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1Changes in population dynamics due to interacting evolutionary and ecological processes are the direct result of responses in vital rates, i.e. stage‐specific growth, survival and fecundity. Quantifying through which vital rates population fitness is affected, instead of focusing on population trends only, can give a more mechanistic understanding...
Article
Het gangbare gebruik van pesticiden wordt gezien als een belangrijke oorzaak voor de afnames van akkervogels in Europa. Met een publicatie in het wetenschappelijk vakblad Nature droegen de auteurs er toe bij dat neonicotinoiden in het verdachtenbankje terecht kwamen. In dit artikel plaatsen zij deze invloedrijke studie in een breder perspectief doo...
Article
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European badger populations in the Netherlands suffered strong declines in the 1900s, becoming endangered in the 1980s. Despite mitigation actions, recovery of the population has been slow. Here, we use ecological niche modelling, relating 1515 badger sett (burrow) localities to data on topographic, groundwater table, soil type and land-cover varia...
Conference Paper
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Identifying the main drivers of population decline is challenging in migratory species, as they can be affected at different stages of the annual cycle that are geographically separated. Furthermore, the impact of environmental drivers at overwintering sites may not be directly apparent due to carry- over effects (COEs) to the reproductive season (...
Article
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1.Species composition is a vital attribute of any ecosystem. Accordingly, ecological restoration often has the original, or ‘natural’, species composition as its target. However, we still lack adequate methods for predicting the expected time to compositional recovery in restoration studies. 2.We describe and explore a new, ordination regression‐ba...
Article
1.Raising global temperatures are predicted to have strong consequences for ectotherms, as metabolic rates depend directly on external temperatures. To understand consequences for population fitness, a full life‐cycle approach is important because i) temperature can have opposite effects on different vital rates (growth, survival, reproduction), an...
Article
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Roadsides are an important habitat for invasive common ragweed, Ambrosiaartemisiifolia L., by facilitating seed dispersal. Reducing the size of roadside populations is therefore essential for confining this highly allergenic species. Here, we aim to determine the cost-effectiveness of mowing regimes varying in frequency and timing, by analysing pop...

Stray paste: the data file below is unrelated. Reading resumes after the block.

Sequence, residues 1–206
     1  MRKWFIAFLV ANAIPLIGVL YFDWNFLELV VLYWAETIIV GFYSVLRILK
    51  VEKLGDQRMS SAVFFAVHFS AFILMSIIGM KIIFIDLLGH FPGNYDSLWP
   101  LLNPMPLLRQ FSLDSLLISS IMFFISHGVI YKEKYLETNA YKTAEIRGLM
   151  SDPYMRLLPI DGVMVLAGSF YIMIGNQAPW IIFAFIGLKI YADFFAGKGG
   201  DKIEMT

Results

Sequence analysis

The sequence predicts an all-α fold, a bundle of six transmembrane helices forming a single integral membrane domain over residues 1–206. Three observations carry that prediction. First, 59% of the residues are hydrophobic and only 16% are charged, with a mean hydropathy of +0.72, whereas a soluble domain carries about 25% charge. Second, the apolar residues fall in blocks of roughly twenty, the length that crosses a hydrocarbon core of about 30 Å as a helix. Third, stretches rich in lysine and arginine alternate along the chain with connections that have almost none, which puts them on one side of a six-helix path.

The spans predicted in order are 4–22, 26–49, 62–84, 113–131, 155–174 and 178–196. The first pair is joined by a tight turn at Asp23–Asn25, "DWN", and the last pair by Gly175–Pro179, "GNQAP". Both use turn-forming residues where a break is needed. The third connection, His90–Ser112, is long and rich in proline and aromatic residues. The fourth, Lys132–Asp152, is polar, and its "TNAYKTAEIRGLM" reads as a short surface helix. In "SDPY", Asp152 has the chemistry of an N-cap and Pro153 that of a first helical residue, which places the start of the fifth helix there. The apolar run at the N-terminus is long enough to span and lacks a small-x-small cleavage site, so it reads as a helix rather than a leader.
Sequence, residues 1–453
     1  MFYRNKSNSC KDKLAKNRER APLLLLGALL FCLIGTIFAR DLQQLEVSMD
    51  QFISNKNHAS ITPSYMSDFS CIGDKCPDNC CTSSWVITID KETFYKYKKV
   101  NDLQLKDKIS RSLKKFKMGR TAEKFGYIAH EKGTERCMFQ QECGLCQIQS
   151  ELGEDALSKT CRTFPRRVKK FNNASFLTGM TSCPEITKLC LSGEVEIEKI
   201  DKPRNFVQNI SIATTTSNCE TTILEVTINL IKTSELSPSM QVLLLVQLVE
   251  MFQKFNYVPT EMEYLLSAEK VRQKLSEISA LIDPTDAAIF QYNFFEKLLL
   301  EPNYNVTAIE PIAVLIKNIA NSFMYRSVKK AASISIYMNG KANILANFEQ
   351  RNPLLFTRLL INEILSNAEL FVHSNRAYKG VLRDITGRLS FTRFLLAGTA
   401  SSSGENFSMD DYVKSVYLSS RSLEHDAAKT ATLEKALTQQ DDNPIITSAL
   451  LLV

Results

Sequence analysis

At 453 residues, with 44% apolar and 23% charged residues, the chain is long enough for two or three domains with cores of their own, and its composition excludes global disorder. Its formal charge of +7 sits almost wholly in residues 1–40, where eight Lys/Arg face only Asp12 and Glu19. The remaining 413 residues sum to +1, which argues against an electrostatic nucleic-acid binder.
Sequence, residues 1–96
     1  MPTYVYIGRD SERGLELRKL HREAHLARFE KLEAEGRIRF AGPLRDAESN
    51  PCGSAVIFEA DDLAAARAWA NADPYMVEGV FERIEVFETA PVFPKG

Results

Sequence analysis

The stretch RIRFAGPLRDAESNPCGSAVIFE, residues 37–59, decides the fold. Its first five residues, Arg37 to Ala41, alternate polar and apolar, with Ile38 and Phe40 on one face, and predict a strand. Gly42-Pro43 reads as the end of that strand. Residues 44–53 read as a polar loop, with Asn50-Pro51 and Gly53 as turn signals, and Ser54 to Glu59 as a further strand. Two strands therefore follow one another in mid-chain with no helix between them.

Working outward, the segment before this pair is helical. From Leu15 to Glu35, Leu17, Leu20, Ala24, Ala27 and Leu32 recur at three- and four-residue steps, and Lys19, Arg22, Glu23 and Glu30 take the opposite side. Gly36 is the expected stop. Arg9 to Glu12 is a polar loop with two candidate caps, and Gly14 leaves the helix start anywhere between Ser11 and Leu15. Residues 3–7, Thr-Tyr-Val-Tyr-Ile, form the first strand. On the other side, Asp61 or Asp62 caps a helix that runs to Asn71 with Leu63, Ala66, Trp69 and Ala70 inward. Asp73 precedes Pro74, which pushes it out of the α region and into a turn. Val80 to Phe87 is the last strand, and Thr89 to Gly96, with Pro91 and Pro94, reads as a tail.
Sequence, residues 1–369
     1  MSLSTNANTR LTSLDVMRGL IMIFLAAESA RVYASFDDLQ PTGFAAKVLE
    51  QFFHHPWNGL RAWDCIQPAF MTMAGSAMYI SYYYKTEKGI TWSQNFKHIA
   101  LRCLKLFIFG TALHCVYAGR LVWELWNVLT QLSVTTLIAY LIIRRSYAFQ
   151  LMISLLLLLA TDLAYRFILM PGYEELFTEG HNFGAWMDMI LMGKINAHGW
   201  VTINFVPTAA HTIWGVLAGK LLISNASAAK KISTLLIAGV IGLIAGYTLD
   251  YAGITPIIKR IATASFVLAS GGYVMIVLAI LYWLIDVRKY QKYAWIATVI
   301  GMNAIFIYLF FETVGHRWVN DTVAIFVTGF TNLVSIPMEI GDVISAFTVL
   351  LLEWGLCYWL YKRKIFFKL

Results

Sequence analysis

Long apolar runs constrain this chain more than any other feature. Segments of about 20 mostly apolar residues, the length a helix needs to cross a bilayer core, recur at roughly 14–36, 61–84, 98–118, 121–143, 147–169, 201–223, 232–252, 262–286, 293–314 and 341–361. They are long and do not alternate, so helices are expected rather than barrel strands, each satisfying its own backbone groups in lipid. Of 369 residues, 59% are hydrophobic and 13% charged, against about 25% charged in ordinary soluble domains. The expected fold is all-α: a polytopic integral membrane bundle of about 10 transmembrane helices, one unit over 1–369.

Article
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To better manage invasive populations, it is vital to understand the environmental drivers underlying spatial variation in demographic performance of invasive individuals and populations. The invasive common ragweed, Ambrosia artemisiifolia, has severe adverse effects on agriculture and human health, due to its vast production of seeds and allergen...
Article
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Recently, reports of insect declines prompted concerns with respect to the state of insects at a global level. Here we present the results of long-term insect monitoring from two locations, De Kaaistoep, and nature reserves in Drenthe, both in the Netherlands. We report the trends in beetles (Coleoptera), macro-moths (macro-Lepidoptera), caddis ies...
Article
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1.Lianas are structural parasites of trees that reduce the growth, survival and reproduction of their hosts. Given that co‐occurring tree species differ strongly in the proportion of individuals that are infested by lianas (liana prevalence), lianas could differentially impact tree species and thereby influence tree community composition. Surprisin...
Article
To prioritize conservation efforts, it is important to know which plant species are most vulnerable to extinction. Intrinsic extinction vulnerabilities depend on demographic parameters, but for many species these demographic parameters are lacking. Body size has been successfully used as proxy of such parameters to estimate extinction vulnerability...
Article
Phosphorus content of mineral-poor sandy soils is steadily decreasing due to leaching caused by continuous and cumulative acidification and N deposition. Sod-cutting as a traditional restoration measure for heathland vegetation appears to increase P limitation, as most of the P present is in the organic matter being removed by sod-cutting. Mineral...
Article
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Ectotherms tend to grow faster, but reach a smaller size when reared under warmer conditions. This temperature-size rule (TSR) is a widespread phenomenon. Despite the generality of this pattern, no general explanation has been found. We therefore tested the relative importance of two proposed mechanisms for the TSR: (1) a stronger increase in devel...